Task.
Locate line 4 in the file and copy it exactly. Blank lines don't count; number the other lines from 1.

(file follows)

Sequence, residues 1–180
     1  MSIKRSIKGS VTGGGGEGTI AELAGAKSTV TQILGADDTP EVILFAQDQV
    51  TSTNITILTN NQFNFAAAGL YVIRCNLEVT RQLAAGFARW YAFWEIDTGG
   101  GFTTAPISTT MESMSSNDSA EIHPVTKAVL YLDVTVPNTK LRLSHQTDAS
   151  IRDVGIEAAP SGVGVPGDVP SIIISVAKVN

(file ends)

   101  GFTTAPISTT MESMSSNDSA EIHPVTKAVL YLDVTVPNTK LRLSHQTDAS